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Education trends and their impact on management of software engineering education

  • Nancy R. Mead
Conference paper
Part of the Lecture Notes in Computer Science book series (LNCS, volume 895)

Abstract

This is an exciting and challenging period for managers of software engineering education, whether in university, industry, or government settings. Many of our traditional assumptions about education are being questioned. We are seeing changes in delivery mechanisms, financial trends, and education issues. We are seeing a variety of delivery methods as replacements for traditional stand-up delivery, including distance learning via broadcast or video, use of multimedia facilities, self-study at individual workstations. We are seeing a demand for “just-in-time” learning, and perhaps less emphasis on education for the long term. There is a desire to make education dollars go further than they do today. University curricula now include more software courses. This results in a different course mix for universities and perhaps different computing facilities. Industry and government receive these better-educated practitioners, and hence no longer need to offer basic software courses to them. At the same time, industry and government need to keep existing employees current, in an attempt to close this generation gap. These trends suggest impacts on management of education and changes in education in the future. As many of these changes involve advanced technology and computing, it is natural that software engineering education will be one of the areas to feel the impacts early. In this paper we focus primarily on industry education and its management. However, the subject is also of interest to government educators and managers, as well as university educators and administrators, as shifts in industry education will probably affect them as well.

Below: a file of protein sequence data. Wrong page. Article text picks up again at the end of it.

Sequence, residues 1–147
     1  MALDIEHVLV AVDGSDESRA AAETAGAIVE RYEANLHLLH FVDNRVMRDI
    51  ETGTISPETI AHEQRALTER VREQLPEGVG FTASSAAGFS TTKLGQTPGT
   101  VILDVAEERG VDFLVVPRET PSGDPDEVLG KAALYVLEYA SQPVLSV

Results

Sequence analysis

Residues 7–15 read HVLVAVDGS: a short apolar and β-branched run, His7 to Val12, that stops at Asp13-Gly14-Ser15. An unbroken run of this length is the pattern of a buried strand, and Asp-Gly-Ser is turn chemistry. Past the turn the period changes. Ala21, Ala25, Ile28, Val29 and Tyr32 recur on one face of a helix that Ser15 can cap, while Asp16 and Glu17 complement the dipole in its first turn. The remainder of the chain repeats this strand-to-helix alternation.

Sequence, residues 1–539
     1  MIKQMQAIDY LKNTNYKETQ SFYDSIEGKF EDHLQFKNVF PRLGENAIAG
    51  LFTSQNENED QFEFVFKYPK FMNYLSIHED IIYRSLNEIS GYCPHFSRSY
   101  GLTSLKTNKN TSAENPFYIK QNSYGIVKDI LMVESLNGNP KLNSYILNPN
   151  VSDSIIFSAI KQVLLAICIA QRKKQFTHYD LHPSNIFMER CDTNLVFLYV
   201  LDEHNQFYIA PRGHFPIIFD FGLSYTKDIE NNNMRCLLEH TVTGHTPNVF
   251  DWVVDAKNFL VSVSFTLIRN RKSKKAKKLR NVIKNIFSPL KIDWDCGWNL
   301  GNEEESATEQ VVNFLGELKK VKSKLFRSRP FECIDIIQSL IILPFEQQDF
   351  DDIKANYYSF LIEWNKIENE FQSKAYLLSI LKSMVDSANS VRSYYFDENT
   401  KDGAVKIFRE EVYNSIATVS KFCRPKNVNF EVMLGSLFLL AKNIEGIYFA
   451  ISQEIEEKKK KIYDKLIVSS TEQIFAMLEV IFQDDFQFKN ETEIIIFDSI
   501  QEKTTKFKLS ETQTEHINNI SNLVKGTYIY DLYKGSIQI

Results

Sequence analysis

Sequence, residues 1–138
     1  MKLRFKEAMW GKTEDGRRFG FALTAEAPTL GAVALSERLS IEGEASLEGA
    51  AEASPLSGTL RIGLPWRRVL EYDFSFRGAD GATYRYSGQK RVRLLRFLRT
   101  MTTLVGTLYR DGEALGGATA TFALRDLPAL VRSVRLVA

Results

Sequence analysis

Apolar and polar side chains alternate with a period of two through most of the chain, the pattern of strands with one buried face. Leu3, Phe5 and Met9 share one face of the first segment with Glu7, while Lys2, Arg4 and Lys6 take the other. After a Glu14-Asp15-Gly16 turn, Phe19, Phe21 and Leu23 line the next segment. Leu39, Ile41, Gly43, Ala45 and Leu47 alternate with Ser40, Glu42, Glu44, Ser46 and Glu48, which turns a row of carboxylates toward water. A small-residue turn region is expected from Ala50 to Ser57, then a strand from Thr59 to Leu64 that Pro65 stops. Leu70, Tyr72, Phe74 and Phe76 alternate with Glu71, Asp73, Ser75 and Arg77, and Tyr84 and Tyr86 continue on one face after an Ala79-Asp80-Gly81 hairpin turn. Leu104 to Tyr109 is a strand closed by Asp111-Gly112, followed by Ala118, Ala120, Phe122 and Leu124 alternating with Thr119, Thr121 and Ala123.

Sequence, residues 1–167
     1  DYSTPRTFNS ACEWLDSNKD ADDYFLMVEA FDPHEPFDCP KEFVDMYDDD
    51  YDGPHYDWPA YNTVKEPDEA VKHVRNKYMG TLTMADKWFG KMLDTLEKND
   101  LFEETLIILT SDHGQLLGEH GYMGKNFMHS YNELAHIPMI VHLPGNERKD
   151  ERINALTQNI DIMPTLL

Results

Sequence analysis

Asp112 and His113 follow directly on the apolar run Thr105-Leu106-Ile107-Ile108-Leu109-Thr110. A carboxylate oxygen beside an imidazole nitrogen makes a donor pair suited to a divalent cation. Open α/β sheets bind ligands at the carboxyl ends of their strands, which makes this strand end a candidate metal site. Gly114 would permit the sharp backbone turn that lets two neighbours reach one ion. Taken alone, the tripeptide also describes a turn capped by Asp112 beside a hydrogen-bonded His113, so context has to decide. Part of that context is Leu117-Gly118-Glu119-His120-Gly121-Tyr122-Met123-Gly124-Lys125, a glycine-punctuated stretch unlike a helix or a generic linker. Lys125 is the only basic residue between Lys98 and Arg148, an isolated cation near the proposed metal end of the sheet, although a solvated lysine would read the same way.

Keywords

Software Engineering Satellite Network Software Engineer Institute Software Inspection Industry Education 
These keywords were added by machine and not by the authors. This process is experimental and the keywords may be updated as the learning algorithm improves.

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Copyright information

© Springer-Verlag Berlin Heidelberg 1995

Authors and Affiliations

  • Nancy R. Mead
    • 1
  1. 1.Educational Products Program Software Engineering InstituteCarnegie Mellon UniversityPittsburgh

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